The annual incidence of sudden cardiac death (SCD) in the US ranges between 200,000 - 300,000 and the vast majority occur due to fatal arrhythmia. A consensus has emerged in the field for delineation of multiple predictors that could be combined as a risk score to enhance SCD risk stratification. In a population of 562 patients implanted with ICDs, we have previously reported that prolonged ventricular repolarization measured as increased duration of the QRS interval on the 12-lead ECG (?QRSd) was a predictor of recurrent ventricular arrhythmias, consistent with findings reported by others. Now our preliminary findings from a separate study in the general population indicate that ?QRSd can be observed in the absence of severe LVSD and is a potential predictor of SCD in the broader community. The goal of this application is to evaluate the potential of QRSd as a predictor of SCD risk in the general population. The Oregon Sudden Unexpected Death Study is an ongoing population-based case-control study in the Portland, Oregon metro area (pop. approx. 1,000,000). Using clinical information and DNA samples from 1100 SCD cases and 1100 matched controls, we propose to test the hypothesis that prolonged ventricular depolarization independently contributes to the ventricular arrhythmia substrate in CAD and that this substrate is modulated by intermediate risk phenotypic traits such as type 2 diabetes as well as the individual's genomic profile. Candidate gene variants identified will be validated in a separate population of 1200 SCD cases.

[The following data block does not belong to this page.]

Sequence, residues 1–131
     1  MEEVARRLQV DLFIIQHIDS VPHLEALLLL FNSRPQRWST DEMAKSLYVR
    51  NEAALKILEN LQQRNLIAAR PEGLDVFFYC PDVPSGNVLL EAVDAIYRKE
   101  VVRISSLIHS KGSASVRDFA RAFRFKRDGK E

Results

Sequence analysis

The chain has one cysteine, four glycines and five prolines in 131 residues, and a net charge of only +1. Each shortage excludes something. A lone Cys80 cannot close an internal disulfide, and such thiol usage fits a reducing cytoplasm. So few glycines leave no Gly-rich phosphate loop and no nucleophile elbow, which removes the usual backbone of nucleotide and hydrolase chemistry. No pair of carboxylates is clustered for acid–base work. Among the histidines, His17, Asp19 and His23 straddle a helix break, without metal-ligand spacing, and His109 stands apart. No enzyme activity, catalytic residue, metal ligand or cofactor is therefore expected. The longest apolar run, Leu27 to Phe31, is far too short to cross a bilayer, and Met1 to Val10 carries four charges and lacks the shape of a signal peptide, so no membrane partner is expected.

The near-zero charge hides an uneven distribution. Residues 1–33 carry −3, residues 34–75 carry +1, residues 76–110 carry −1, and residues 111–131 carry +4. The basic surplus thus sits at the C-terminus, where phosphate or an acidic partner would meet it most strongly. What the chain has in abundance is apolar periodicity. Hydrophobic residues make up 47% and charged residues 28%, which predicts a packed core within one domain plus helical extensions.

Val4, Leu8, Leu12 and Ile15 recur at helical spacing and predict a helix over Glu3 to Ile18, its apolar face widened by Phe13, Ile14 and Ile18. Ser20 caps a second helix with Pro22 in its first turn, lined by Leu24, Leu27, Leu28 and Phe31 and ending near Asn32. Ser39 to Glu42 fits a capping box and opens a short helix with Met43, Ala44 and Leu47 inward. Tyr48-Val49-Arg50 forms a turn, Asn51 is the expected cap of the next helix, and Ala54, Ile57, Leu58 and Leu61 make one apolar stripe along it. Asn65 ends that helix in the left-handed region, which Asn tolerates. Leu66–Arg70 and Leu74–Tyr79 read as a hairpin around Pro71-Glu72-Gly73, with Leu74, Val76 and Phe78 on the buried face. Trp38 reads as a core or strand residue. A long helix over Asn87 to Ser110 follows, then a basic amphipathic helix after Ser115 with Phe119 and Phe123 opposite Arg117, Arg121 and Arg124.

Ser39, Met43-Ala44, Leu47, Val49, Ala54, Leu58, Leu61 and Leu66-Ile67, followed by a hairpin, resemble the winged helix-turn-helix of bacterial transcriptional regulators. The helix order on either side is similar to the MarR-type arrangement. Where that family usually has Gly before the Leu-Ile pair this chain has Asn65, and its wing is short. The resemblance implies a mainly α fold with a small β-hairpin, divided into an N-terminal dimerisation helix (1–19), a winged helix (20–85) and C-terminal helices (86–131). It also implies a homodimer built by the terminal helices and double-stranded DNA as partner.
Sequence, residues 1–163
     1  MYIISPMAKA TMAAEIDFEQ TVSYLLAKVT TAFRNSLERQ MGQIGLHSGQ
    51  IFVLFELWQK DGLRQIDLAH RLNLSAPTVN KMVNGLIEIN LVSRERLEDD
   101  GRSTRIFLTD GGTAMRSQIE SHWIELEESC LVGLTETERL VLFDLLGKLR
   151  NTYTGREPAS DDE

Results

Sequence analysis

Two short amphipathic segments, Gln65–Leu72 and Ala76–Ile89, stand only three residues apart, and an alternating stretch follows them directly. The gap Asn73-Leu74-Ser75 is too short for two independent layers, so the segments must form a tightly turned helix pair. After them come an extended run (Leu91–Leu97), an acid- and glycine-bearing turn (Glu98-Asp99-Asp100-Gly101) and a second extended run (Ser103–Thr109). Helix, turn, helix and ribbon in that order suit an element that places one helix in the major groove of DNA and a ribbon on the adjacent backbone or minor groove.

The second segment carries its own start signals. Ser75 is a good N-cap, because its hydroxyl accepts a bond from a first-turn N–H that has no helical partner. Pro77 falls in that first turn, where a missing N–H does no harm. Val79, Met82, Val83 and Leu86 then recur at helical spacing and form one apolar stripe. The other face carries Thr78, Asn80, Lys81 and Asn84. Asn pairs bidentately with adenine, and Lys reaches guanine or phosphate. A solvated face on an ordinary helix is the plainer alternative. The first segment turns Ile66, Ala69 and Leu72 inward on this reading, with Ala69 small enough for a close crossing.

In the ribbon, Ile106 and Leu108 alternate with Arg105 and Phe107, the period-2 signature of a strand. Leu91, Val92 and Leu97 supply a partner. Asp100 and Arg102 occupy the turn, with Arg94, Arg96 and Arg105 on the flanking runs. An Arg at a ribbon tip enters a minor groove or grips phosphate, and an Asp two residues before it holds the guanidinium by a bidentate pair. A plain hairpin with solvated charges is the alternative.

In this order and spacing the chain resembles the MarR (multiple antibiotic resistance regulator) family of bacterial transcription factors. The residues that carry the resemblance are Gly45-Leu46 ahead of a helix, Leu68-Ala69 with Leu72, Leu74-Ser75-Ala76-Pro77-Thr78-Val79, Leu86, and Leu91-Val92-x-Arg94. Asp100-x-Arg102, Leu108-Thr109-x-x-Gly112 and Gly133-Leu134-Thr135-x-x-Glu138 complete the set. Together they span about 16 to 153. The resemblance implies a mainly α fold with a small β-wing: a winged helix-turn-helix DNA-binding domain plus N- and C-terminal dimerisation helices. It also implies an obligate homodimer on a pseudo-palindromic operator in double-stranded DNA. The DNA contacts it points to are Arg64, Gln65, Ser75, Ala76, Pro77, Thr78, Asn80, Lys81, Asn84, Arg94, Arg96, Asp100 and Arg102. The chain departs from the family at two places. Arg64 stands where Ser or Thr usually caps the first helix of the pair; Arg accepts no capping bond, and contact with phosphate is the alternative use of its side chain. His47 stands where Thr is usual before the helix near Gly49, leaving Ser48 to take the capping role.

Our specific aims are: 1. To determine the independent contribution of QRSd toward risk of SCD. 2. To identify phenotypic determinants of ?QRSd and their contribution to SCD risk. 3. To evaluate the role of ventricular depolarization-affecting gene variants in susceptibility to SCD among patients with CAD. An established and ongoing population-based case-control study and the ready availability of expertise in clinical electrophysiology, epidemiology and genomics will facilitate this detailed evaluation of how QRSd may enhance SCD risk prediction. Given the wide applicability and relatively low cost of the 12-lead ECG, any enhancement of risk stratification of SCD by this proposal is likely to have significant clinical relevance.
Sudden cardiac death (SCD) is a public health problem of significant magnitude, with an annual incidence estimated between 200,000 - 400,000 in the US. Prolongation of cardiac depolarization as measured on the electrocardiogram (QRS interval duration) appears to confer an increased risk of SCD, but this clinical finding is currently not used for risk stratification. Clarifying the determinants of SCD risk associated with prolonged QRS duration has the potential for rapid clinical and scientific application, leading to enhanced risk stratification for SCD in the general population, as well as focused therapy for patient subgroups with prolonged ECG intervals, and could potentially reduce the population burden of SCD.
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